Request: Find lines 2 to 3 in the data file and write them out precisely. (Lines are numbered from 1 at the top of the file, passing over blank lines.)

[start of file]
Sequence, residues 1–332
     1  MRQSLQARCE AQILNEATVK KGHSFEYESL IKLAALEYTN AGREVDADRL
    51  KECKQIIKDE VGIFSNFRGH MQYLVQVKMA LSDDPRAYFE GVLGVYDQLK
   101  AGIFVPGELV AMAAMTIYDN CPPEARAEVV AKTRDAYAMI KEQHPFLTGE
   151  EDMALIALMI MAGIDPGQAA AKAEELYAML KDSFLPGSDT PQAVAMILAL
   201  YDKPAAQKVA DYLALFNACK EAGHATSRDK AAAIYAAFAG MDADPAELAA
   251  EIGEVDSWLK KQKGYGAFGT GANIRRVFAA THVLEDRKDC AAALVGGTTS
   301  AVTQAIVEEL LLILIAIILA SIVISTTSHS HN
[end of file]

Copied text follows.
     1  MRQSLQARCE AQILNEATVK KGHSFEYESL IKLAALEYTN AGREVDADRL
    51  KECKQIIKDE VGIFSNFRGH MQYLVQVKMA LSDDPRAYFE GVLGVYDQLK